Article by Su-lin Sze
Su-lin is a Medicinal Herbalist, Iridologist, Nutritionist & Holistic Movement Instructor
The European ships carry from hence sugar, tobacco, either in roll or snuff, never in leaf, that I know of: these are the staple commodities.”
Sugar! Yes it’s in just about everything. In many forms and guises this temptation-filled additive is found in virtually all processed foods. Although I will focus on refined sugars and carbohydrates in this article, even sugars found in fruits can be a problem if they are eaten in excess. But what we are really interested in, when we talk about epidemics of obesity, behavioural disorders, metabolic and other conditions, is the simple carbohydrates.
The evolution of sugar brings to my mind our every increasing dependence on thrill and stimulation.
In primitive time we used to get our adrenalin rush by dashing through fields and jungles grunting and sweating, the threat of mortality ever near….we have now turned to the diet to stimulate us, because there is little else in the modern lifestyle that resembles our primal heritage. The result of an ever-more sedentary lifestyle and too much dietary sugar is exacerbating many common health conditions such as fatigue, poor immunity, toxicity, hyperactivity, cancer, cystic conditions, skin problems and much more. This is a kick-start lesson in Sugar – which should be a part of everyones education.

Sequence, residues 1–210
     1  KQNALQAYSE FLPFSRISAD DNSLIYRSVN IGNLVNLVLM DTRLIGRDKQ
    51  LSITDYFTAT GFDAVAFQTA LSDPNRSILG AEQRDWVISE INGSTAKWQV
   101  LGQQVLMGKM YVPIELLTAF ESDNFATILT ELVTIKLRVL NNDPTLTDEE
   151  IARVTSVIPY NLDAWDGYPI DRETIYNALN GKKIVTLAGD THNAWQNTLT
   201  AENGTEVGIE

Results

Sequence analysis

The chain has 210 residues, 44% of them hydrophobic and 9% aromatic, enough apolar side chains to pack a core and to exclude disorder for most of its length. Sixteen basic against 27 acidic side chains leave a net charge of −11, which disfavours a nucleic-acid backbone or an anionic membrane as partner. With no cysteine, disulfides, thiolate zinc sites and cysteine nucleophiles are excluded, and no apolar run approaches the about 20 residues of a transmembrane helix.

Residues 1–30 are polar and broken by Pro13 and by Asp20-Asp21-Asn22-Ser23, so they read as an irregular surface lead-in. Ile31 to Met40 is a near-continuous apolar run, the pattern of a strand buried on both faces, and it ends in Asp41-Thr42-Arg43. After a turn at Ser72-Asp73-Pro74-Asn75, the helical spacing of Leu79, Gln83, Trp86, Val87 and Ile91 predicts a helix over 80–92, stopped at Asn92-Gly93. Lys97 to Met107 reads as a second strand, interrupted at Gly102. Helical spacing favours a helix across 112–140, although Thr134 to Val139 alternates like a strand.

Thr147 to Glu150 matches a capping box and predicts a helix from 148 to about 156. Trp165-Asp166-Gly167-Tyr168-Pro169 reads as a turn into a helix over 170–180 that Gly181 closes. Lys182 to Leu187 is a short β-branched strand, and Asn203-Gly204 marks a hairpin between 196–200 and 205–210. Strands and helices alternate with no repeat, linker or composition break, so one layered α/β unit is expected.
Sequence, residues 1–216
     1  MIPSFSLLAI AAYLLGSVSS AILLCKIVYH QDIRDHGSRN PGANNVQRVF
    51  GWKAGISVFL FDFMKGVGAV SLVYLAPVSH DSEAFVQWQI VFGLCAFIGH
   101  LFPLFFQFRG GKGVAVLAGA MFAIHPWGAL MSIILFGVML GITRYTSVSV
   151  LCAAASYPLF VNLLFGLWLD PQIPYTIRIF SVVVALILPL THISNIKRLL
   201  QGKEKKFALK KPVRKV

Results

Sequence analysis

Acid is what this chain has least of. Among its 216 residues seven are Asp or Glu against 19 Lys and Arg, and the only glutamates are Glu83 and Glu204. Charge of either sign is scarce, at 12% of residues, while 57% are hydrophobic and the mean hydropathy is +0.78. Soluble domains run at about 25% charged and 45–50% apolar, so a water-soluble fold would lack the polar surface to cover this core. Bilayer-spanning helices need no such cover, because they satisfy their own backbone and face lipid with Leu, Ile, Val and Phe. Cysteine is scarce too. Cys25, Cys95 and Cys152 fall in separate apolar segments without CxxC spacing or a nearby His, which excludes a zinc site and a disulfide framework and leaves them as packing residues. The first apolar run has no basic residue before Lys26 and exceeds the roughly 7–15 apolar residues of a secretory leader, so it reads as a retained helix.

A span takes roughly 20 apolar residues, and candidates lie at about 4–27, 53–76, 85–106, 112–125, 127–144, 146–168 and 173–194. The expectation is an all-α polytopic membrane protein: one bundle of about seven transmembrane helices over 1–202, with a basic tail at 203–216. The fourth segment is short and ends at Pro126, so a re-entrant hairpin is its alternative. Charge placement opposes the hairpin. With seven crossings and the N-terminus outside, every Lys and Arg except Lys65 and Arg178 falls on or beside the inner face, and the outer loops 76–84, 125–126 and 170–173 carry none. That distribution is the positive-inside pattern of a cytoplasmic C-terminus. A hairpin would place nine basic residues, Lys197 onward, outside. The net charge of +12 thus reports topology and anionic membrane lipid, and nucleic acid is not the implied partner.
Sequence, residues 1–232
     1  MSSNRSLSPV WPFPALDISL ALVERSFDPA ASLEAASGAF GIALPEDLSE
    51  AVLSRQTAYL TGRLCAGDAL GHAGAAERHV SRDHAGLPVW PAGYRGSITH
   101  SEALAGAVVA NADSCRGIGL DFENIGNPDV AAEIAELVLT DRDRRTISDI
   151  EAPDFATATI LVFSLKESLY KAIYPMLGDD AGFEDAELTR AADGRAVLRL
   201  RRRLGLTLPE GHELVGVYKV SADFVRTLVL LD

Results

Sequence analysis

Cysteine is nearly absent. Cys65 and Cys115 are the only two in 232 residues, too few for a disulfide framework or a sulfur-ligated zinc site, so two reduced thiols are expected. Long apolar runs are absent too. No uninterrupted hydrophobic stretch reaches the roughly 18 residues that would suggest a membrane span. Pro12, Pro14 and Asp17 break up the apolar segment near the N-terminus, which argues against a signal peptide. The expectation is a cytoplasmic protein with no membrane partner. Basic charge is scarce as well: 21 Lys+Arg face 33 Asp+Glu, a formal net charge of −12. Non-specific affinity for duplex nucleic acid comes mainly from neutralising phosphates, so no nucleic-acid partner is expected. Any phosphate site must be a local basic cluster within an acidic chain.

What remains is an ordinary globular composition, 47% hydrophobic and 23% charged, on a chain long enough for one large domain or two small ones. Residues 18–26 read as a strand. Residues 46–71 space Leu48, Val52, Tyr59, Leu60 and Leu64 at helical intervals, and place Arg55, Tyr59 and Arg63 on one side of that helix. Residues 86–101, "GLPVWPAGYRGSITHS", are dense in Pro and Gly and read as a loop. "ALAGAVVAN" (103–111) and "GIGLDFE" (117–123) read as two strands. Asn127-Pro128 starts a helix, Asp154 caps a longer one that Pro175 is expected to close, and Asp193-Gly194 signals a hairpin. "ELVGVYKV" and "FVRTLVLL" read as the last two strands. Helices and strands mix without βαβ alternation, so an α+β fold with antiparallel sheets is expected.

Learn how sugar is limiting your health potential right now.
The Basics about Sugar
There are a few home truths that are crucial to your education in sugar:
1. Sugar weakens Immunity
Eating too much sugar stimulates an immune reaction in the body and triggers inflammatory processes. This reaction can be felt as a buzzy high or nothing at all, but regardless, the energy required by your body to constantly keep this immune reaction going will wear down your immunity in the long run.
2. Sugar doesn’t beat fatigue
Unfortunately that is a complete myth; sugar actually causes fatigue. And this really is the basis of many dis-ease conditions. Looking at your sugar intake is a good first step to boosting vitality. To help you better understand the role of sugar in energy and vitality I have created a diagram called the ‘Sweet-Peak” cycle below. Notice how energy levels rise and dip swiftly in reaction to a high sugar meal. What this means in the long term is that it becomes difficult for your body to remember how to metabolise sugar normally, resulting in blood glucose dys-regulation, a precursor to more chronic and serious conditions such as acne, candidiasis & intestinal dysbiosis, type II diabetes and Chronic Fatigue Syndrome.
3. Sugar causes inflammation